The wealth divides are deepening and the base of the pyramid is feeling the greatest strain. In cities across the developing world, evictions of the poor are becoming more commonplace and the local authorities are unable to find solutions that address long term housing problems at the bottom of the pyramid. The evictions are becoming increasingly brutal as the nouvea riche in the developing countries are increasingly viewing the poor as a nuisance and an “embarrassment” to their well laid out lives. In Africa and many Asian cities, the situation is set to get bleaker as more people migrate to the cities leading to overcrowding and the stretching of resources. These cities will double in size in the next 20 years and no contingency plans have been made to expand services and increase access to affordable housing. In poorer countries, the situation is exacerbated by poor land laws and regulations, corruption, and a nonexistent or poor synergy between the private and public sectors.
Current market trends not favourable for social housing
The response to this housing crisis has been wanting. In the developing countries, many under-resourced NGOs have been making social investments to bridge the gap but it is a pitiable drop in the ocean. Even in the developed markets, lack of affordable housing has pushed many to homelessness. Austerity measures in most Western countries have seen many governments and local authorities cut down on budgets for public housing projects. Local authorities are off-loading public housing schemes to the private markets so as to expand revenue base. Many government initiatives that were traditionally aimed at social housing providers are now attracting the big real estate developers further diminishing the potential of the social housing market.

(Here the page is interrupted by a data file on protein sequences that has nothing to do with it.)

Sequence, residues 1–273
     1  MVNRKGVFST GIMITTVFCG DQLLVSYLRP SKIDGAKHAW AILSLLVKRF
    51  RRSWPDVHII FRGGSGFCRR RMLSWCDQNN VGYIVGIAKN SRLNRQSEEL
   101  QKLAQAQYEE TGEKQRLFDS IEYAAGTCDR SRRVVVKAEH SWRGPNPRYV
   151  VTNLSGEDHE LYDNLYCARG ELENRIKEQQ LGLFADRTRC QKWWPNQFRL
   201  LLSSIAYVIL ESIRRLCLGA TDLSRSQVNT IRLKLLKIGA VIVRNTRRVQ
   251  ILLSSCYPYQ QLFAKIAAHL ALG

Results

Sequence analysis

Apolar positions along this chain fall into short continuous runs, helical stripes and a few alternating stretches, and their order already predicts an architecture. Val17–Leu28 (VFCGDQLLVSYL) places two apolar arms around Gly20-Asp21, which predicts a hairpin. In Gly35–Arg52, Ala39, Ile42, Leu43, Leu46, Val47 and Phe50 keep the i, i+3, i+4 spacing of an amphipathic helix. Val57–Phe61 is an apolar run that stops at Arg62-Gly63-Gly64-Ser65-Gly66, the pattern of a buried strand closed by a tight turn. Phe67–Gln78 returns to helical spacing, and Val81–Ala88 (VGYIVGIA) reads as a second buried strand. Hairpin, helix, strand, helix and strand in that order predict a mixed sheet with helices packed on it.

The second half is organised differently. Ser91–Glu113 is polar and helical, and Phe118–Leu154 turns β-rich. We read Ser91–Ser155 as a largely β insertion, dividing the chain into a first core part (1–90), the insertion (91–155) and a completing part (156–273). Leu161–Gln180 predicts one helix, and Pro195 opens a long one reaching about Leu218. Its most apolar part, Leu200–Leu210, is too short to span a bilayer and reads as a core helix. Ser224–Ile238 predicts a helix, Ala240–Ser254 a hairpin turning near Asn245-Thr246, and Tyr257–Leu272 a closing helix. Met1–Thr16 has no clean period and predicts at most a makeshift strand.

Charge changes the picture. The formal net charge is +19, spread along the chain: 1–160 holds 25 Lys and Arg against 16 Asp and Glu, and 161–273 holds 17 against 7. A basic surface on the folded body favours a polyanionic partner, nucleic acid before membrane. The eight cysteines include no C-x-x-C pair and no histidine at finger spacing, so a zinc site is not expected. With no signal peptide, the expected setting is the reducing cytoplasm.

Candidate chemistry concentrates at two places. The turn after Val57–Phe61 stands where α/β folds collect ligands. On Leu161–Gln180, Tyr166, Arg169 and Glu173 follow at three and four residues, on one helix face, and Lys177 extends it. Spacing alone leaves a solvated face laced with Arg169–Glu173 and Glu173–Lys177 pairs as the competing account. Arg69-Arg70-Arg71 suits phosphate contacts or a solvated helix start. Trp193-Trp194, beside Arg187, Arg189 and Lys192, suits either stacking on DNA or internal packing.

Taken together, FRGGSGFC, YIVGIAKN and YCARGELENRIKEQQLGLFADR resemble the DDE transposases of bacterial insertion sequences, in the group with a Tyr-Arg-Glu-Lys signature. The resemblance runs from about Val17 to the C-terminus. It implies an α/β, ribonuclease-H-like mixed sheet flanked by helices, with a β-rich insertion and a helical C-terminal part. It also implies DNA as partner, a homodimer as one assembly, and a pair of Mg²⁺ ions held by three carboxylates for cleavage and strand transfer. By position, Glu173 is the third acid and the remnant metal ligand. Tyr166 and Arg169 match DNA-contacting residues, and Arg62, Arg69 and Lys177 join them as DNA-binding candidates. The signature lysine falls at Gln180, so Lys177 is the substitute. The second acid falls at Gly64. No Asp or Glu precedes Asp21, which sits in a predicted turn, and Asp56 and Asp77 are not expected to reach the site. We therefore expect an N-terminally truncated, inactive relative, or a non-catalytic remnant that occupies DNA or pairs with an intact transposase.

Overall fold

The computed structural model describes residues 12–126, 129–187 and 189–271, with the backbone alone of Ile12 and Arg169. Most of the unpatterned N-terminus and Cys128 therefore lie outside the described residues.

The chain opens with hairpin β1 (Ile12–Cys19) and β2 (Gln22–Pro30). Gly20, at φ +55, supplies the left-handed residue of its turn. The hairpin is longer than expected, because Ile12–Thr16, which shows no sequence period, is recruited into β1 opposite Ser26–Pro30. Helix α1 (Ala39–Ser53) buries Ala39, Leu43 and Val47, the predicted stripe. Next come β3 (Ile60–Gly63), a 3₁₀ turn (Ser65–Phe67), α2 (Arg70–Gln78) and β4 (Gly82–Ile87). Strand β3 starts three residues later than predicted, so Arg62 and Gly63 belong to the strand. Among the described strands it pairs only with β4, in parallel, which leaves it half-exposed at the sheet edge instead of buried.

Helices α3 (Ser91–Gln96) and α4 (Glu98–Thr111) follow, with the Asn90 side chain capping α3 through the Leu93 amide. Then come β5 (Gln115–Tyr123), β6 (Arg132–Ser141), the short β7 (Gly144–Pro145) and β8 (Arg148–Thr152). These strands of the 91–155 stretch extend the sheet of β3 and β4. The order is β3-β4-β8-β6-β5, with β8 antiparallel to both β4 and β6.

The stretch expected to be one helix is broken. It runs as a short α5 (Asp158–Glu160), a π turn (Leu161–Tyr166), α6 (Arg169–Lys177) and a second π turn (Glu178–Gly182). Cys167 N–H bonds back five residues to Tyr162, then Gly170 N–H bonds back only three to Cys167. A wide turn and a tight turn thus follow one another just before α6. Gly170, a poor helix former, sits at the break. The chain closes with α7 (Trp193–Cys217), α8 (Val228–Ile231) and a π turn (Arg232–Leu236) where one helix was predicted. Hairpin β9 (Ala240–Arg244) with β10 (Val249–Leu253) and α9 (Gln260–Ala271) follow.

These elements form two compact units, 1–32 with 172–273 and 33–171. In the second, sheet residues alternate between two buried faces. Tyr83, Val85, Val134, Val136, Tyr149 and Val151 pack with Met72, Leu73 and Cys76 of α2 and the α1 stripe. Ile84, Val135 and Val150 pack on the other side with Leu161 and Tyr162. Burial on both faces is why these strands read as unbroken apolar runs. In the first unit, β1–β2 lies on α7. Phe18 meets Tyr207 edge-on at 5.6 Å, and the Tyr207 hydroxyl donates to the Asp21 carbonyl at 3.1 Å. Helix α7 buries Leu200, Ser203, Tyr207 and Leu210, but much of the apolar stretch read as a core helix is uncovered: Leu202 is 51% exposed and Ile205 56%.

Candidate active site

Meeting the Challenge for Social Housing
Meeting the challenge for social housing requires a very multi-pronged approach. There is a need for synergy amongst the disparate players-real estate developers, social landlords, financiers and policy makers so as to meet the housing challenge for the poor. Some of the players have deployed a hybrid approach towards this problem. For example, some social landlords are diversifying into private rented sector and reinvesting the profits back to the social housing market to ensure sustainability. This mixed business model can be profitable and sustainable but the social landlords must have good knowledge of the private market. Many large commercial real estate developers are also diversifying into the social housing market.
Funding for Social Housing
Social housing initiatives have traditionally relied on grants to invest in their communities but there’s a need for a paradigm shift and new business models. Can social housing companies pursue new investment and funding channels and still remain profitable? The social landlords must improve their capacity and learn to compete in a tough financial climate. Greater partnership is needed with local authorities, and other partners in the industry to develop longer term investments in the communities. The onus is on social housing providers to increase efficiency and emphasize the importance of their work to gain greater support from key partners.